Thursday, September 22, 2011

locomotives, in hot pursuit

I brought a history book with me and read about the Mexican Revolution of 1910.  It seems more like a several-sided civil war, with generals and armies popping up around the country, and all distressingly bloody.

One part I liked about it, though: there were at least two locomotive chases.
Forced out of office in 1911, old don Porfirio Díaz, the closest thing Mexico ever had to a president-for-life, fled over the mountains to Vera Cruz with a train-full of loot, pursued by a train-full of Rebels.  He made it to a waiting French warship and ended his days drinking champagne and bouncing chorus girls on his knee in Paris.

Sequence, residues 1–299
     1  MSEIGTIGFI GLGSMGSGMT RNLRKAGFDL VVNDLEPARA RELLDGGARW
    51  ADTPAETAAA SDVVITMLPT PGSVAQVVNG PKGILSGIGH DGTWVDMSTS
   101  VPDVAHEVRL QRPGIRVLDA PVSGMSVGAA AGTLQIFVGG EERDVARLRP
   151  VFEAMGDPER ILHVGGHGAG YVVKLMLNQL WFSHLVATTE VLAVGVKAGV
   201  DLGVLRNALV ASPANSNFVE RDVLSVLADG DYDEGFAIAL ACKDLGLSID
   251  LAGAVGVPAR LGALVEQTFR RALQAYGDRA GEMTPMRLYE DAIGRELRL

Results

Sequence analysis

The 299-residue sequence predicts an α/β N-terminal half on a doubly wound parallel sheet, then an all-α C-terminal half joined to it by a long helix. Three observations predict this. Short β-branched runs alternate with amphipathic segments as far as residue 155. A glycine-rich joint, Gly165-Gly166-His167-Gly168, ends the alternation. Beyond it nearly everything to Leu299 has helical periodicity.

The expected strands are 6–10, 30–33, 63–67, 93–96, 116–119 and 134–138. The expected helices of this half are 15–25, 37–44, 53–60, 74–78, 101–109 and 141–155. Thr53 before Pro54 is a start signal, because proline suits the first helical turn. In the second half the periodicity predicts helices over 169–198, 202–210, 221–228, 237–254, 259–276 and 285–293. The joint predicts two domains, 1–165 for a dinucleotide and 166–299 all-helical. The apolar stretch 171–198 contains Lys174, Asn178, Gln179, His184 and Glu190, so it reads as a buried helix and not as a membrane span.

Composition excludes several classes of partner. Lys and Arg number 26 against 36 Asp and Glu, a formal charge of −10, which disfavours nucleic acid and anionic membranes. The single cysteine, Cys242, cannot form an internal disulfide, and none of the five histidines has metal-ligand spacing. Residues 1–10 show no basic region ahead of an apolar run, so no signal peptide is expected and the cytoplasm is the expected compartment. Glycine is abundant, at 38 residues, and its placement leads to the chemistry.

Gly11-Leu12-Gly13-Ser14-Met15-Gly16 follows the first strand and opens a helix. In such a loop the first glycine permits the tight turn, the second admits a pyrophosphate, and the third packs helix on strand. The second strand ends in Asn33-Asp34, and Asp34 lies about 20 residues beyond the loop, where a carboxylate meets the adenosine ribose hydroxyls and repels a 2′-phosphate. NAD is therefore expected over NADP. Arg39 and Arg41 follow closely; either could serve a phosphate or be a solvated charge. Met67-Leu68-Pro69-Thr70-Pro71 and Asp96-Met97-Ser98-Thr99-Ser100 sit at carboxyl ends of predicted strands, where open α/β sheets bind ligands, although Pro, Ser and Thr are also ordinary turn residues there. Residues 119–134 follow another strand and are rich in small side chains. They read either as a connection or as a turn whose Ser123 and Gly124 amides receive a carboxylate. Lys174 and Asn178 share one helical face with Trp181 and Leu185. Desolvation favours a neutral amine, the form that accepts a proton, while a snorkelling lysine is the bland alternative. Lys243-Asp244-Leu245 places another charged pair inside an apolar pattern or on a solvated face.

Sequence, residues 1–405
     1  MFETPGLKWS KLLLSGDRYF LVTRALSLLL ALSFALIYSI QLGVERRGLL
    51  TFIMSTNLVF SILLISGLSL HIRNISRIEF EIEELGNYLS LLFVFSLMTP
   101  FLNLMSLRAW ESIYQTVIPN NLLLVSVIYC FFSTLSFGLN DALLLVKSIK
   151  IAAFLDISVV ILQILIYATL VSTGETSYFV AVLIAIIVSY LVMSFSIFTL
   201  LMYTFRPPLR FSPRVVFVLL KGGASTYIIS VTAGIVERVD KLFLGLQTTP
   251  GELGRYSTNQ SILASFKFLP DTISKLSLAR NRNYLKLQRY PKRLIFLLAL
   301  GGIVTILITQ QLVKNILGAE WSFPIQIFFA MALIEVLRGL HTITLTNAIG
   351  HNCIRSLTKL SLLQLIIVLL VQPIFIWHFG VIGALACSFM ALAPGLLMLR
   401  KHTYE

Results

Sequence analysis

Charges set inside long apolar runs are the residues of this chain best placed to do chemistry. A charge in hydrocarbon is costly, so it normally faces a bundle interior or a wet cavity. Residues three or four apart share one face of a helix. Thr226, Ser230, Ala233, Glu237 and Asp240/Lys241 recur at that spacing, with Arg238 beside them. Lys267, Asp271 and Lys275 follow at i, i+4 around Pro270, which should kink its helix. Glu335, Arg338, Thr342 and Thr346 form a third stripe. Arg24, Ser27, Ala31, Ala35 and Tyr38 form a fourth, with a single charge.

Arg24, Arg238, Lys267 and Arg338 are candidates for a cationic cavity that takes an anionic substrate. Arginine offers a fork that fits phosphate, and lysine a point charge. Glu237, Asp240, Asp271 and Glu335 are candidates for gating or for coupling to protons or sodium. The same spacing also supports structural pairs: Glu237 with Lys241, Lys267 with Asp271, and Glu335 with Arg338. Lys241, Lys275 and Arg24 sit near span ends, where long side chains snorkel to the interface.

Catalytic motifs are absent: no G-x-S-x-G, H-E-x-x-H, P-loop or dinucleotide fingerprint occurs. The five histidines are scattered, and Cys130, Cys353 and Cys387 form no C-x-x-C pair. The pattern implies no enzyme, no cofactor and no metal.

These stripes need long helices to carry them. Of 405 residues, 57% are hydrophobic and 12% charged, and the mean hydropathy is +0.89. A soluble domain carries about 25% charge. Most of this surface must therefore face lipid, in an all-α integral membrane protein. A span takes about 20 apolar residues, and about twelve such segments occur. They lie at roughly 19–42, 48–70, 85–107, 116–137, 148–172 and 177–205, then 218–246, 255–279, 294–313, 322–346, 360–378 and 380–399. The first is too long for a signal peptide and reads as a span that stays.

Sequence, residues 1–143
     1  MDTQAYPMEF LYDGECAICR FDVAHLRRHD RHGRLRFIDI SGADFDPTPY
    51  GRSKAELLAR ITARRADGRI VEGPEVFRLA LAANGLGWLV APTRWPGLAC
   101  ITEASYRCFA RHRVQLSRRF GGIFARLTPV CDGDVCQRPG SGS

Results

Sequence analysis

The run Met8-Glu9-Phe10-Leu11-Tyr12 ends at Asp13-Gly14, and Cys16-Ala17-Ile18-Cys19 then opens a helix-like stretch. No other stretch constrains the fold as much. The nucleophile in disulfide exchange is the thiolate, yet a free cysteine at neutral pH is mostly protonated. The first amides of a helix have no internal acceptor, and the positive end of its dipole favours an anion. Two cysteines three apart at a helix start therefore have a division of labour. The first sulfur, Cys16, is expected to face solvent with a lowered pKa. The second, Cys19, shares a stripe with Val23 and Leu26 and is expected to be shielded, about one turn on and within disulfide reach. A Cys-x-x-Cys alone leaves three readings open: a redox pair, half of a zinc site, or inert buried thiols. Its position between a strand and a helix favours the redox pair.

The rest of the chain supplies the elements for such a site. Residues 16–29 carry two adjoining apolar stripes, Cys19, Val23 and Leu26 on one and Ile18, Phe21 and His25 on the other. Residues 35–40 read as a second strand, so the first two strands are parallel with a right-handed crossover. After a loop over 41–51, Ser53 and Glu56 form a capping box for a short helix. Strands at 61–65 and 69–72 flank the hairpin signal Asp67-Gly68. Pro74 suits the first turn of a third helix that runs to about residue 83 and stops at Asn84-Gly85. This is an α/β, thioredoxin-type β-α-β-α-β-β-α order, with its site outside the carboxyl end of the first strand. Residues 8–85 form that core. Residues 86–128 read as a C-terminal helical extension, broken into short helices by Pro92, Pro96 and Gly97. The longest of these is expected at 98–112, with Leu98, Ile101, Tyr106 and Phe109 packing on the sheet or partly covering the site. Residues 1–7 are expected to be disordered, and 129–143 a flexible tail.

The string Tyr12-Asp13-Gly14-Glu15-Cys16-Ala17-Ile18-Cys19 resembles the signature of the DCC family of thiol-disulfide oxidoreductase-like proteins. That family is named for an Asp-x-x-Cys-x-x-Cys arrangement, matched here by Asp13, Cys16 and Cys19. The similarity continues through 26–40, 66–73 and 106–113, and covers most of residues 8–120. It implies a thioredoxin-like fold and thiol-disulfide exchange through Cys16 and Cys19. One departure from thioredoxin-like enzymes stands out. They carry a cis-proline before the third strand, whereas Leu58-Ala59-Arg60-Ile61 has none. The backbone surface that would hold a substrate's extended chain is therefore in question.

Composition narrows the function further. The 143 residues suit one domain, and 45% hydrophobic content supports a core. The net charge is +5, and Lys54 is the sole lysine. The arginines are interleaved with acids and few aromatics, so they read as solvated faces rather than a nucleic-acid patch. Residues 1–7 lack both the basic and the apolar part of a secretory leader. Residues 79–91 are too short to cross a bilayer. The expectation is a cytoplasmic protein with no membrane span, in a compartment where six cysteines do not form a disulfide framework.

A few months later, Pancho Villa, having overstayed his welcome in the capital, fled north, pulling up tracks behind him, hotly pursued by Obregón, laying tracks as he came.
I like locomotive chases.  There was a brief window of time when they were practical; now, alas, gone.

No comments:

Post a Comment